2 Cheap High-Yield Dividend Stocks You Can Buy Right Now

With the stock market just under its all-time highs, it's getting more and more difficult to find investments that could be called "cheap." One smart place to look for attractive values and strong dividends is in the real estate sector. Here are two equity REITs, both of which pay over 3% dividends, that look attractive enough to buy right now.

An investment in our "nation of renters"

Apartment real estate investment trust Equity Residential (NYSE: EQR) could be a smart way to invest in some of the most attractive rental markets in the United States, at a time when the homeownership rate is at a generational low.

U.S. Homeownership Rate data by YCharts.

The company owns or has an interest in 315 apartment properties with nearly 80,000 individual housing units, most of which are located in expensive, high-barrier, urban rental markets. In fact, the entire portfolio is located in six coastal markets -- Boston, New York, D.C., Seattle, San Francisco, and Southern California.

Equity Residential specializes in apartment buildings in high-cost locations. (Note: Image is not one of EQR's properties.) Image source: Getty Images.

These markets have high costs of homeownership, as well as stronger-than-average growth in new renter household formations. These markets have experienced 50% higher income growth than the U.S. average since 2003, which has led to a superior rental growth rate and low vacancies.

Equity has done a great job of increasing its income while managing expenses. Over the past decade, Equity's same-store revenue has grown at a 3.2% annualized rate, while expenses have grown by 1.8%.

In addition to maximizing revenue at its existing properties, Equity has several other ways to create value for shareholders. Development is one way Equity adds value -- if you can build a property for less than its completed value, you can earn higher yields and create instant equity. Renovations are another focus right now. Equity plans to invest about $50 million per year in kitchen and bathroom upgrades, and these renovations produce a yield on cost of 12%-15% per year. And, with one of the best investment-grade credit ratings in the REIT sector (A-/Baa1), Equity has the financial flexibility to pursue attractive opportunities as they come up.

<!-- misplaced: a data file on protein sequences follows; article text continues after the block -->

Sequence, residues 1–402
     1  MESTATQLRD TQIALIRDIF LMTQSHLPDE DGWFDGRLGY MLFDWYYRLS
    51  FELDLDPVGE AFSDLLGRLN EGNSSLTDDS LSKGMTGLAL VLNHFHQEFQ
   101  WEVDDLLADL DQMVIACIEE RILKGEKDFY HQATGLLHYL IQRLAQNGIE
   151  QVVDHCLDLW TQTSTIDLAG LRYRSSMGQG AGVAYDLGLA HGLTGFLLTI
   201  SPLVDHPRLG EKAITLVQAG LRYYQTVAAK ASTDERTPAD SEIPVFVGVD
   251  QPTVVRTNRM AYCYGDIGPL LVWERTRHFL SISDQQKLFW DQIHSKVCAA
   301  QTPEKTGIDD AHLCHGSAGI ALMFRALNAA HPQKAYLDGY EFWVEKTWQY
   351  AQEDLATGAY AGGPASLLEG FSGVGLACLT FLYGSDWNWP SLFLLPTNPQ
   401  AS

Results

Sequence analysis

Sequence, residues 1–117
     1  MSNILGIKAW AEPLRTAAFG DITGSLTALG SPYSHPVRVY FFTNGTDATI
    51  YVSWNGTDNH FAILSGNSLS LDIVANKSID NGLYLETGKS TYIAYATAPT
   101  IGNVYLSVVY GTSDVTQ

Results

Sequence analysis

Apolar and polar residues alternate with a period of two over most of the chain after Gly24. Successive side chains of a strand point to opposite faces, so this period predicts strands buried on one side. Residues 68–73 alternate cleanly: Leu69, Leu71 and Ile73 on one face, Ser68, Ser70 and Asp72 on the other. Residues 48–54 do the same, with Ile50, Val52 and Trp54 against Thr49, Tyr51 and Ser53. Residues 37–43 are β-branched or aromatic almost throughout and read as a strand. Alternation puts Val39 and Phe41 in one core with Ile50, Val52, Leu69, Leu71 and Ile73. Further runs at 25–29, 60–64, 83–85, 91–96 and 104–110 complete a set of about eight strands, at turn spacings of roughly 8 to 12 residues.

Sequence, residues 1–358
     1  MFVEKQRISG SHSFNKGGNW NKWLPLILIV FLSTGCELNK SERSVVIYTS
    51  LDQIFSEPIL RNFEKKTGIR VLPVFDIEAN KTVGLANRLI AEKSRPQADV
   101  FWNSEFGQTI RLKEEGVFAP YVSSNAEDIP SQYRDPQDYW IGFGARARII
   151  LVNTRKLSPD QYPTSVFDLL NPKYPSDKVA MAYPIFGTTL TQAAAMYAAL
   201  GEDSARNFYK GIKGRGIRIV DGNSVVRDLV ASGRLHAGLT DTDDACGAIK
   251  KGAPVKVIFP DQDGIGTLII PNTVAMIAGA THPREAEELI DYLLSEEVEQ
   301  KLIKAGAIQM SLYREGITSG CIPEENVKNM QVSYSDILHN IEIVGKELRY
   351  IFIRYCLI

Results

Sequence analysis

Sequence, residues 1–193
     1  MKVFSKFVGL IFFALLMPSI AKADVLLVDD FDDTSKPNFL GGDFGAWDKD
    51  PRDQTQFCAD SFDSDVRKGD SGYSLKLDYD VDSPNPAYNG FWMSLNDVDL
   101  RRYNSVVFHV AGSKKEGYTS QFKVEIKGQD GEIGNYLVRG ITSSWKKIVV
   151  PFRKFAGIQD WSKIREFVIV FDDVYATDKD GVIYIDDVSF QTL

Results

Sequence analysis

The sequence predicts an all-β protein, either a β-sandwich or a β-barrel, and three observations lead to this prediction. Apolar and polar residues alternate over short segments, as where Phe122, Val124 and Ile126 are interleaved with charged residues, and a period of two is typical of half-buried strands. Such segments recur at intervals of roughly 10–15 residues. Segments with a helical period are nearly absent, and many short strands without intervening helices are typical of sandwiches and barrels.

Equity's stock price has fallen 10% from its peak even though its business is strong, mainly thanks to the expectation of rising interest rates. Now could be a great time to get into one of the biggest and best apartment REITs at a discount.

The right kind of retail to invest in

Many investors are reluctant to invest in physical retail of any kind, and who could blame them? Many retailers are struggling to stay in business, and on the day that I write this, Bebe Stores announced plans to close all of its retail locations and focus on e-commerce.

However, take a look at Tanger Outlets (NYSE: SKT), which owns 44 outlet shopping centers in 22 states and Canada. The stock has fallen more than 22% from its peak, and now has an attractive 4.1% dividend yield. The company is a member of the S&P High Yield Dividend Aristocrat Index, having raised its dividend every year since its IPO nearly 25 years ago.

Most of Tanger's properties are in the eastern half of the United States, and they currently boast an impressive 98% occupancy rate, so there's no sign that Tanger's properties are losing stores. In fact, Tanger's occupancy has never fallen below 95%, no matter what the economy has done. As President & CEO Steven Tanger says, "In good times people love a bargain, and in tough times, people need a bargain." In other words, Tanger's business model works in all economic environments.

Image source: Tanger Outlets company presentation.

One of my favorite things about Tanger is its growth potential. The outlet industry is rather small, with a total of less than 70 million square feet of space, of which Tanger owns more than 20%. This means that there are limited opportunities for acquisitions, but there is plenty of room for ground-up development, which as I discussed with Equity Residential, can be a great way to create value.

The company has two projects currently under construction, and Tanger says that it has begun site selection and pre-development activities in other markets that aren't currently served by the outlet industry.

As far as financial ability to expand goes, Tanger has an investment-grade credit rating (BBB+/Baa1) as well as an excellent interest coverage ratio of 5.23-to-one. In other words, the company earns $5.23 for every $1.00 it pays in interest on its debts, a low ratio relative to most other REITs.


To be fair, both stocks could easily fall further, especially if interest rates rise faster than the market expects. Plus, there are company-specific risks involved with each of these stocks. Just to name a couple of examples, we could see an unexpected uptick in the homeownership rate, which could lead to reduced rental income for Equity Residential. Or, Tanger could lose a major tenant to financial difficulties, which could cause the company's earnings to take a hit.

The bottom line is that no stock capable of market-beating returns is without risk, and these two are certainly no exception. However, I believe that any negative catalysts are likely to be temporary and that both of these companies have bright futures ahead.

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Matthew Frankel has no position in any stocks mentioned. The Motley Fool recommends Tanger Factory Outlet Centers. The Motley Fool has a disclosure policy.